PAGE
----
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Measuring the Influence of Alternative Treemap Visualizations on Human Judgment Tasks

Hugine-Elmore, Akilah
Thesis/Dissertation; Online
Hugine-Elmore, Akilah
Scherer, William
Richards, Larry
Guerlain, Stephanie
Turrentine, Florence
Lambert, James
Visualizations of large data sets provide insight to features of the data, improve the accuracy of mental models of the information, and locate data regions of particular interest. A visualization technique that has gained popularity is the treemap. The treemap uses a recursive algorithm to display a hierarchical data set in the form of nested rectangles of varying size, orientation, aspect ratio, relative placement, and color to represent selected aspects of the data. This dissertation extends previous work on human perception and rectangular relative area judgments to determine how these display features affect judgments that are supported by treemap visualizations. The effort includes a novel treemap generation algorithm, which utilizes lexicographical order theory to generate treemaps that group like data elements together, to support human gestalt perception capabilities and the results of an experiment comparing this alternative approach to the current, squarified algorithm that is a current practice. A final experiment explores the use of treemaps for supporting decision making in a specific application area -- review and interpretation of surgical quality data -- and further characterizes the performance of decision makers to correctly interpret data displayed in alternative treemap formats. The combined effort thus improves on current knowledge of the capacities of individuals to make relative and proportional judgments in hierarchical visualizations, with an innovative method for visualizing hierarchically structured information in treemaps.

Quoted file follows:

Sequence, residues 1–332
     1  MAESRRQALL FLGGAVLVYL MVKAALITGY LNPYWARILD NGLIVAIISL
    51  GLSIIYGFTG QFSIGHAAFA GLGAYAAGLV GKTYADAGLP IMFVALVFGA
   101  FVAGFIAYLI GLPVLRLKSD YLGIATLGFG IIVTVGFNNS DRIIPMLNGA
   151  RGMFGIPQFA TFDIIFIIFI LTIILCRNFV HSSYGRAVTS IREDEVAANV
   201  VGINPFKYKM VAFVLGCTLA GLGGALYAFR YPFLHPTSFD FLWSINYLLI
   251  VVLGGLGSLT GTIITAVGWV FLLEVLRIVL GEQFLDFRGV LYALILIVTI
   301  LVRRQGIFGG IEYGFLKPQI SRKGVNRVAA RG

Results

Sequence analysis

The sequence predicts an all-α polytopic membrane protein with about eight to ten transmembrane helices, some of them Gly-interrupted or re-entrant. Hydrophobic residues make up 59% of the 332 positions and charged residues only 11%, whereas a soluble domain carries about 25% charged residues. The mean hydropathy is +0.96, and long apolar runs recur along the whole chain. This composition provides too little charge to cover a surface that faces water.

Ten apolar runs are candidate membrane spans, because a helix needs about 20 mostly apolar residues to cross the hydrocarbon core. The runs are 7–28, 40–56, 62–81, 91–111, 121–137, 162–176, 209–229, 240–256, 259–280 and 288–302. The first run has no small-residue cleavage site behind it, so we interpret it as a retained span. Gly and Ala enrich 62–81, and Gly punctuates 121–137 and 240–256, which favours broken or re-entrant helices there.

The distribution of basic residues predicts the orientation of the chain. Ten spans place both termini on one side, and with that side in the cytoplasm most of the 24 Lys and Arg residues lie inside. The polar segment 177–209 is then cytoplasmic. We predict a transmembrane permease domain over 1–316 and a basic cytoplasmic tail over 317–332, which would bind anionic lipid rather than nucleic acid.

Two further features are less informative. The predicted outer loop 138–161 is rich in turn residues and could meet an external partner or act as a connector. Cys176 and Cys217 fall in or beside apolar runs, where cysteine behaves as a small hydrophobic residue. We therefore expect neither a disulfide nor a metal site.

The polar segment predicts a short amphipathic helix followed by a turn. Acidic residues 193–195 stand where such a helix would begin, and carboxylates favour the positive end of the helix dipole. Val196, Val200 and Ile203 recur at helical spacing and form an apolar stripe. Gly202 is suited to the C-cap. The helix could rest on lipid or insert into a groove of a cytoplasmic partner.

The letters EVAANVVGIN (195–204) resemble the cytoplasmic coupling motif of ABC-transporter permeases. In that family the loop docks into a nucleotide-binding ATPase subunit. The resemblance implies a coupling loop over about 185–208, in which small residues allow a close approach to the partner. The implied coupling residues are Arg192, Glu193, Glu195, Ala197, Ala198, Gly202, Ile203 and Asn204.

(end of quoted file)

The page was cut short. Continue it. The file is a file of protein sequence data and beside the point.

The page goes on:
University of Virginia, Department of Systems Engineering, PHD, 2013
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